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What to do in Penang: itinerary for 3 days, 4 days and 7 days

We have been in Penang for an entire week and there’s actually more than enough interesting, creative and beautiful things to see for 7 days. However, we will summarize what to do in Penang with the perfect itinerary for 3 days, 4 days and even 7 days. Apart from the itinerary you can also check our recommendations on the best restaurants of Penang, as well as the places to stay at the end of this post.

What to do in Penang: itinerary for 3 days

What to do in Penang if you extend your trip one more day

What to do in Penang if you would be there 7 days

Day 1 Arrive in Penang, walk through the center, explore the street art and visit the green and blue mansions

You can arrive in Penang by plane, train, by boat or even by minivan or any other land vehicle.

When you check in in most of the hotels of Penang, you will probably be given a map of Penang with the main spots for street art written on it. The street art in Penang is very abundant and it is amazing to see so many pieces of art on the walls. There is even some graffiti directly by the jetty on the old wooden houses. We have added a complete guide to the street art in this post.

Apart from this you can also visit the green and blue mansions to learn about examples of early Chinese immigrants who settled down in Malaysia and their relations between the trading and the unification of both cultures. The green mansion is especially nice since you also learn about the Nyonya cuisine and you have a guide for 1h included in the entrance fee (which is 25 RM per person).

Day 2: Visit the Penang Hill and the biggest Buddhist temple in Malaysia

The way to Penang Hill is amazing, and it’s maybe even better than the hill itself. We would really recommend taking the zipline train to go up there since it’s super steep and super fast. It’s very nice to be inside such a beautiful piece of engineering. It feels a little bit like being on a rollercoaster. Check out this time-lapse for what you can expect up there.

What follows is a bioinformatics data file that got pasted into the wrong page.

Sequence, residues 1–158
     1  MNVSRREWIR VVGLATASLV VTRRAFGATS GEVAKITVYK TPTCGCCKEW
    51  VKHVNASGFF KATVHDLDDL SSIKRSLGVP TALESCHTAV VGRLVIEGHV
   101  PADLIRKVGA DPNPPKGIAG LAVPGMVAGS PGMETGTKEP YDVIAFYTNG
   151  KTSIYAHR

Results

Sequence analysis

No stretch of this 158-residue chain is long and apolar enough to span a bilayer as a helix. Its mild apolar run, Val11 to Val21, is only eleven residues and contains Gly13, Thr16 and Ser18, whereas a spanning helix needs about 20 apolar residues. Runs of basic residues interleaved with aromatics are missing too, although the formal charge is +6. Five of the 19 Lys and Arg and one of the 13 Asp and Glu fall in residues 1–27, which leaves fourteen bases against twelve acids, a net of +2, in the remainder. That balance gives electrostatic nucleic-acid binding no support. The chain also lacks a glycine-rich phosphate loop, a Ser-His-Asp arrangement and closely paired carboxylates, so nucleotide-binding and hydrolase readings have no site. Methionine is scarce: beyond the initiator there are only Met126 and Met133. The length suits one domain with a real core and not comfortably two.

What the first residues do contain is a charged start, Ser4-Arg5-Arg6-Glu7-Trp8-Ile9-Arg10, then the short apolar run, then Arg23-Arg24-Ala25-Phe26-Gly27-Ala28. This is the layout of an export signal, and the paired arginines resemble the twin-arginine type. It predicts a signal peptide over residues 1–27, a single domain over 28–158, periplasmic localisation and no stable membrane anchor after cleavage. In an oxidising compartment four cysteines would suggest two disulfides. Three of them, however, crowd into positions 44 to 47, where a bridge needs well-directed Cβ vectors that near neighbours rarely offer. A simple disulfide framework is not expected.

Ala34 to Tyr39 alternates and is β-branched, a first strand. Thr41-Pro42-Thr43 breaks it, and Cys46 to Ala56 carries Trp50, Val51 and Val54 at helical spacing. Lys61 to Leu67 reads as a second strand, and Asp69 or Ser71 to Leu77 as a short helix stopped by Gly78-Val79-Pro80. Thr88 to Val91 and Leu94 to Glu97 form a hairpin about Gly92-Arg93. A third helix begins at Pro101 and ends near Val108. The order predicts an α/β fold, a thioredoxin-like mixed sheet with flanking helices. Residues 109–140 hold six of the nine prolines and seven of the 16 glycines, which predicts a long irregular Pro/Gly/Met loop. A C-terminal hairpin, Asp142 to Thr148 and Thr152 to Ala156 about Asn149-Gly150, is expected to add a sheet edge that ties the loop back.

On top of the Penang Hill you get to have magnificent views of Penang and the ocean as well as to walk through a beautiful bridge and a beautiful platform, which is on the highest point of Penang. 

Moreover, there you can see the famous dusky monkeys, small squirrels, flying foxes as well as the giant squirrels with huge black tails. We actually saw everything except for the flying foxes and we even got to see the baby dusky monkey, which is actually orange! They change the color of their fur when they mature into adulthood. You can see a close up where the orange head of the baby is showing.

Finally, you can get the chance of being there to visit the biggest Buddhist temple in Malaysia, which actually also has a huge statue of Guanyin made of bronze.

Day 3: Visit the Indian temple and the botanical garden

We would recommend visiting the Indian waterfall hill temple since it’s beautiful, colorful and the views from the top of the temple are also nice. You get to see the views of Penang and the ocean. Moreover, we were pretty lucky to have been in Penang and Kuala Lumpur during the Thaipusam festival, which is a huge Tamil Hindu festival, in which many traditions take place (see this post for more). We could see these celebrations in the city as well as in the Indian temples such as this one.